“Being exclusionary to certain people is not a good thing. Years ago, accounting was a very white, Anglo-Saxon profession and it’s changed. It’s changed tremendously,” he added. “The kids today going into accounting don’t look like the kids I went to college with.” Though there is a disconnect in why those students may not be taking the CPA Exam or advancing towards accounting careers, John Lisa explained that it could be due to the high expense of obtaining a CPA license. Obtaining a CPA license in New Jersey requires passing the CPA Exam within the time requirements and 150 semester hours from an accredited school in addition to one year of experience working under a CPA whose active license is from New Jersey or a state equivalent to New Jersey.
Sole practitioners, like John Lisa, and small CPA firms have known for years that some of their best hires were from immigrant/minority families. “When our office was in Palisades Park, we hired a young lady who was an immigrant from South Korea. She is now a tax manager/principal with PwC. Another young lady was an immigrant from Kuwait and now has an executive position with Nike,” he added.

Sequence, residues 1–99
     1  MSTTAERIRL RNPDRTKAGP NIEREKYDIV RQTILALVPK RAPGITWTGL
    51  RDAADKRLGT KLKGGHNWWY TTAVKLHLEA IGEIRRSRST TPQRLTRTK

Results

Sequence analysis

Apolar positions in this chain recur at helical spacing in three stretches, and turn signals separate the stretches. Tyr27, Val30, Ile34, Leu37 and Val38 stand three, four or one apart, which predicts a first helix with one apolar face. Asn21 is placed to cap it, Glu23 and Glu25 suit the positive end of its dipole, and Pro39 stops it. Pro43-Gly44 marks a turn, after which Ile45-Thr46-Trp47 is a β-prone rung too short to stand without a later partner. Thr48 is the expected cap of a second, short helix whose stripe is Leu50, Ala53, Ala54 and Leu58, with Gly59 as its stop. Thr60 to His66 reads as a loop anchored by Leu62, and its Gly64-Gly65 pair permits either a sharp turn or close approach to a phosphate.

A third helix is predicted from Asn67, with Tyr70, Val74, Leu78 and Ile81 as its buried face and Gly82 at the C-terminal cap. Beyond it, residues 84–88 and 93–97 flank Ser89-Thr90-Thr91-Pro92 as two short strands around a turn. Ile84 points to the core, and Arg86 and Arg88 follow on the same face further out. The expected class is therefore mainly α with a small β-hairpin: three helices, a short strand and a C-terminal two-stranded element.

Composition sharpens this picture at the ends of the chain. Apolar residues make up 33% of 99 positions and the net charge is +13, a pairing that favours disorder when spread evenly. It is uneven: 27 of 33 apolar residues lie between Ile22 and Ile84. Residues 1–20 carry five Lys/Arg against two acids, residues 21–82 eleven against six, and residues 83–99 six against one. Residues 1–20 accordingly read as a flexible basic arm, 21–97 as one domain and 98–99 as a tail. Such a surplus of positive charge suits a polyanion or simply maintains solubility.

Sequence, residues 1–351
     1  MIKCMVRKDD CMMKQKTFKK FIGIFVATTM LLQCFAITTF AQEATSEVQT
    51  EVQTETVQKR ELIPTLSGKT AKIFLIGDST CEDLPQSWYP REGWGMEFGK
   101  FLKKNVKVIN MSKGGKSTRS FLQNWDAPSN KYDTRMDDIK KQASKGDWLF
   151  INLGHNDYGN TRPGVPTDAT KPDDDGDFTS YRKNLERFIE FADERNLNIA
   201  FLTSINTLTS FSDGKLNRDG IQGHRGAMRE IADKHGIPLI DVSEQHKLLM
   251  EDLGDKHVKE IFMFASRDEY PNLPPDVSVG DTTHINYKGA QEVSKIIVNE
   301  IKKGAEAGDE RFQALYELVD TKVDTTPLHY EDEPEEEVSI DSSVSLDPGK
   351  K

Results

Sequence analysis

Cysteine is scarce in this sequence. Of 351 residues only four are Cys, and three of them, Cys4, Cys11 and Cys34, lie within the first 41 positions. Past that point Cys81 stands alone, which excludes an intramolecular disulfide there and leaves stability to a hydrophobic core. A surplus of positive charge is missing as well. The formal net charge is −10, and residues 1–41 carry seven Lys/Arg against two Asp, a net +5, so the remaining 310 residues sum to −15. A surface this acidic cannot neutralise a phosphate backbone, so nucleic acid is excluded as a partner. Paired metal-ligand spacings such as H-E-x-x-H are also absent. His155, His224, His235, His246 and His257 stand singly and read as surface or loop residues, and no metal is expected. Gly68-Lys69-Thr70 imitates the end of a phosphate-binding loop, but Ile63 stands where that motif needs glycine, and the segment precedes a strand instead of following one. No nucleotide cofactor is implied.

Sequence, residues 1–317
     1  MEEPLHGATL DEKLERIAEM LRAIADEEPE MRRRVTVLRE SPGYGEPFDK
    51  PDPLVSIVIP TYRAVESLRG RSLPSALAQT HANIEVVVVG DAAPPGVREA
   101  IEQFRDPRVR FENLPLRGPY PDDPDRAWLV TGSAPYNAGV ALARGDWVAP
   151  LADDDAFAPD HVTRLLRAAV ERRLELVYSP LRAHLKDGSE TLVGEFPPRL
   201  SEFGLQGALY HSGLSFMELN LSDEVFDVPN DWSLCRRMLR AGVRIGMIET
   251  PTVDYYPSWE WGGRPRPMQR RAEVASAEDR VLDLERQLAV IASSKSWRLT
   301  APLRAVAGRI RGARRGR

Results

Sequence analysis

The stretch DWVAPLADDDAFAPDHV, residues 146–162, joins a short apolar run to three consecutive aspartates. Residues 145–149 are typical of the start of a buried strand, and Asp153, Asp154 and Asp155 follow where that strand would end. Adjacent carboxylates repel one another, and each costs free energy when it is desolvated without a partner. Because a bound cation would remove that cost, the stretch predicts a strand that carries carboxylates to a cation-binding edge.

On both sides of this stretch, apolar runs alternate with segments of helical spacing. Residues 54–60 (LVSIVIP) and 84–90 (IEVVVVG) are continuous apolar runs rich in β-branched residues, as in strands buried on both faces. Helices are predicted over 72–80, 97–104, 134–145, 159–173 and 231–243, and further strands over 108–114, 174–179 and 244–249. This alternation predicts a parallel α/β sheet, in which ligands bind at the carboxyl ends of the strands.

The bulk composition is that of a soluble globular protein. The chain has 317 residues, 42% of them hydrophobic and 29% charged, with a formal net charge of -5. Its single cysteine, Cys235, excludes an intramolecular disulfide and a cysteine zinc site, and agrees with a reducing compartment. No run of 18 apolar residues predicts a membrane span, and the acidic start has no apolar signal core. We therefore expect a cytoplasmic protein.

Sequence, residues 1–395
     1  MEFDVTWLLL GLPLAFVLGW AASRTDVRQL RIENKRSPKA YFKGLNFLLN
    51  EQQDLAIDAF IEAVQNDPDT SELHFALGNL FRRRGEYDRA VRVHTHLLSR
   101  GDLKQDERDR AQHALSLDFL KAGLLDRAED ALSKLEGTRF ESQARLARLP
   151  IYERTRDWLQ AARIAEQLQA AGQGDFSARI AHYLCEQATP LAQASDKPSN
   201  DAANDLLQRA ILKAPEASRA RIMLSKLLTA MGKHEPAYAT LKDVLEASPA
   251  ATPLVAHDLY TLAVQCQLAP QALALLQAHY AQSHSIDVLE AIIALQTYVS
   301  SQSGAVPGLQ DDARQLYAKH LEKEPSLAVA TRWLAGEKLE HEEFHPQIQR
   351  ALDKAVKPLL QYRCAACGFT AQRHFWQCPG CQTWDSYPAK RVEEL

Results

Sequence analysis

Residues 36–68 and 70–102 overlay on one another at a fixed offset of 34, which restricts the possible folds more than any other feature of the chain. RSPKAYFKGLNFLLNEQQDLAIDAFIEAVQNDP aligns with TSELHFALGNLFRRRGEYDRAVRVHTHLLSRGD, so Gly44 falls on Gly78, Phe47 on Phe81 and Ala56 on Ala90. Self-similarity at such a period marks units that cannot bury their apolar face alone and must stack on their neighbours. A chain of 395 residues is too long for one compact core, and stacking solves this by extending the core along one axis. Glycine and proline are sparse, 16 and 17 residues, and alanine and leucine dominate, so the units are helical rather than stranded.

At the sole practitioner level, resources are a bit limited in attracting a large amount of talent so the hiring process can be challenging. John Lisa noted, “You have to keep your eyes and ears open for talent. A true entrepreneur hires the best person for the job. A true capitalist hires the person who is going to move the business forward.”
Larger CPA firms are also recognizing the benefits of hiring diverse staff. Deloitte took a broad approach to DEI challenges in the accounting profession last June when it established a $75 million Making Accounting Diverse and Equitable (MADE) commitment to work towards long-term DEI change. The commitment includes the Deloitte Foundation Accounting Scholars Program, a MADE working group, a fellowship program with academia and paid CPA Exam readiness classes.